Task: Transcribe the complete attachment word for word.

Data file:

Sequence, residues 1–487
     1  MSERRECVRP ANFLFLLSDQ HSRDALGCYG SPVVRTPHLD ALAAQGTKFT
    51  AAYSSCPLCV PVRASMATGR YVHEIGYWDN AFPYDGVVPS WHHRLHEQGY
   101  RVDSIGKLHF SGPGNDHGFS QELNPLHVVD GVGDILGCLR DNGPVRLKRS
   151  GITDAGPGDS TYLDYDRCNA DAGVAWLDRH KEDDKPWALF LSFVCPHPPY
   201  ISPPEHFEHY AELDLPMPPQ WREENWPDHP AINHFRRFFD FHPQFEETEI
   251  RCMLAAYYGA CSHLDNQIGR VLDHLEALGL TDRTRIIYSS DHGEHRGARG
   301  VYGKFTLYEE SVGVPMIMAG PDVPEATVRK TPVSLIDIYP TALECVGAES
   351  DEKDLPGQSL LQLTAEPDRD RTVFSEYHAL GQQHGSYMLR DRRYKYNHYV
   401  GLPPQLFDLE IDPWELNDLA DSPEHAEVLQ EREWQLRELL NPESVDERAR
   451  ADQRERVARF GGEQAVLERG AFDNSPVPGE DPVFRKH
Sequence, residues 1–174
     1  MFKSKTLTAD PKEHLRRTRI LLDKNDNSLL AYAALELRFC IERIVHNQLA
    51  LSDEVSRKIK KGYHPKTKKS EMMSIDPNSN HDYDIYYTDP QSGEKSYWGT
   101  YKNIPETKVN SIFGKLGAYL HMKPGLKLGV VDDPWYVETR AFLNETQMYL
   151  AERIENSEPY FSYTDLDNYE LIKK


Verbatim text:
Sequence, residues 1–487
     1  MSERRECVRP ANFLFLLSDQ HSRDALGCYG SPVVRTPHLD ALAAQGTKFT
    51  AAYSSCPLCV PVRASMATGR YVHEIGYWDN AFPYDGVVPS WHHRLHEQGY
   101  RVDSIGKLHF SGPGNDHGFS QELNPLHVVD GVGDILGCLR DNGPVRLKRS
   151  GITDAGPGDS TYLDYDRCNA DAGVAWLDRH KEDDKPWALF LSFVCPHPPY
   201  ISPPEHFEHY AELDLPMPPQ WREENWPDHP AINHFRRFFD FHPQFEETEI
   251  RCMLAAYYGA CSHLDNQIGR VLDHLEALGL TDRTRIIYSS DHGEHRGARG
   301  VYGKFTLYEE SVGVPMIMAG PDVPEATVRK TPVSLIDIYP TALECVGAES
   351  DEKDLPGQSL LQLTAEPDRD RTVFSEYHAL GQQHGSYMLR DRRYKYNHYV
   401  GLPPQLFDLE IDPWELNDLA DSPEHAEVLQ EREWQLRELL NPESVDERAR
   451  ADQRERVARF GGEQAVLERG AFDNSPVPGE DPVFRKH
Sequence, residues 1–174
     1  MFKSKTLTAD PKEHLRRTRI LLDKNDNSLL AYAALELRFC IERIVHNQLA
    51  LSDEVSRKIK KGYHPKTKKS EMMSIDPNSN HDYDIYYTDP QSGEKSYWGT
   101  YKNIPETKVN SIFGKLGAYL HMKPGLKLGV VDDPWYVETR AFLNETQMYL
   151  AERIENSEPY FSYTDLDNYE LIKK